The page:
Super Bowl 50: The Night of the Sheriff and Law Abiding Advertising

by Pete VonDerLinn , Partners + Napier

Super Bowl 50 was the night of Peyton Manning – The Sheriff. And whether it was out of respect for The Sheriff or not, it seemed almost every advertiser stuck to the letter of Super Bowl advertising law.

MINI, Snickers and Amazon did the best job with celebs. But we see celebs every year.

It seemed every other spot paid rock stars hefty sums to carry the day. What else is new? 

So this year, I’m raising my glass, or I should say, my bottle, to Budweiser. But not to their spots … to their PR team.

When the Sheriff, moments after the crowning achievement of his storied career, utters the phrase, “I’m gonna drink a lot of Budweiser tonight” that’s marketing gold. Gold worth $1.6 million according to sponsorship experts.

Until he mentioned it again during Jim Nantz’s interview. Cha-ching … $3.2 million.

And again during today’s CBS This Morning interview. Cha-ching … $4.8 million.

After the first mention, Bud’s PR team tweeted they had nothing to do with it. With almost $5 million in free impressions, I wonder if they regret that. Maybe the Clydesdales texted Peyton the idea. Whatever made him say, Bud, Bud, Bud … it was by far the most powerful ad message delivered this year.

Before the Sheriff’s $5 million “coincidental” mention, Bud treated us to a simple, smart message from Brit theatre queen, Helen Mirren. Yes, she’s a celeb, but credit Bud for casting one we never see in U.S. advertising. And it was super classy of the brand to turn the bottle of Bud so we focused on the message first.


As for other notable achievements, kudos to Intuit QuickBooks for creating some brand love, despite being in a pretty unlovable category, by donating 25 of their 30 seconds to small biz Death Wish Coffee.


And a high-five to Heinz for understanding the formula for getting your message across to a loud room of distracted partygoers reaching for chips while glancing at their phones. Weird, attention-grabbing visuals with a natural connection to the brand + no need to hear audio to get the message = #2 on the USA TODAY Ad Meter.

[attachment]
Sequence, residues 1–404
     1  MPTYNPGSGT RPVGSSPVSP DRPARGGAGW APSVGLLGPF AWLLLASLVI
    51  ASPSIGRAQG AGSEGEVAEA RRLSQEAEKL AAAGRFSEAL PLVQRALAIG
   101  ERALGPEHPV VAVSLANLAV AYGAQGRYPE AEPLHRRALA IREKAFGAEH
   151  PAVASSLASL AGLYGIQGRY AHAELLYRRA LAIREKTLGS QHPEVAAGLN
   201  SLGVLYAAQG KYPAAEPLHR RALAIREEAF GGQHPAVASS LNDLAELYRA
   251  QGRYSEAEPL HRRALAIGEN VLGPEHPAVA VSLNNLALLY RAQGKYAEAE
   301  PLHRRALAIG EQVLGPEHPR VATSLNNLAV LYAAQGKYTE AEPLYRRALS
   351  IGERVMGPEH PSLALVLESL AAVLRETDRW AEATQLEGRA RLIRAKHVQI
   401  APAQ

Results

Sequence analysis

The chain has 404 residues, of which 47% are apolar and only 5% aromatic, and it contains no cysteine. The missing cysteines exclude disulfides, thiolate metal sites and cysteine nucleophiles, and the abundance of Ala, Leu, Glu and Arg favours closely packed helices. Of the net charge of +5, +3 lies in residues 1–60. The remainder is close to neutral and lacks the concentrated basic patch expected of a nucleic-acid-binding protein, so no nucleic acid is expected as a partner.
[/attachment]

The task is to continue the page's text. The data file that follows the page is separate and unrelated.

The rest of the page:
The overall body of work certainly didn’t shine in the year of the Sheriff. Hopefully, in 2017 we will see more advertising laws broken than dutifully obeyed.


Pete VonDerLinn – ECD, Partners + Napier Rochester

Peter is a staunch believer in the power of brave work and know that you can’t bore people into buying your brand! As executive creative director, Pete is constantly challenging his teams to find provocative ways to earn their audiences’ attention. If they don’t, how can they expect those audiences to give clients their hard-earned dollars? Let alone their loyalty?

The good news for Pete – and his clients – is that the creative department he oversees at Partners + Napier is brilliant at producing work that gets noticed. Helping that work improve through concept and execution gets him out of bed each morning with a smile – despite an allergy to life events occurring before 9am. 

After starting out at mega-agencies like BBDO and Saatchi & Saatchi, he craved the nimbleness of a mid-sized shop (wasting time is Pete’s other allergy) and made his way to Partners + Napier, where he spent the past 12 years.

He joined when P+N was a small, scrappy shop and loved that while the agency and clients have grown in size, the fire in their belly to build brands from the ground up remains.

When Pete is asked about campaigns he is personally proud of creating, he mentions provocative work like the fake banner ads they ran on April Fools’ Day for Ravenswood wine that got them 10,000 Facebook fans overnight. Or the guerrilla campaign created for Excellus BlueCross Blue Shield that inspired plan members to walk enough steps to make eight round trips to the moon.

While he loves creating work explicable only with lunar metrics, the thing he loves most is spending time with his wife and two daughters. They ski, camp, water park, Wii and laugh, always.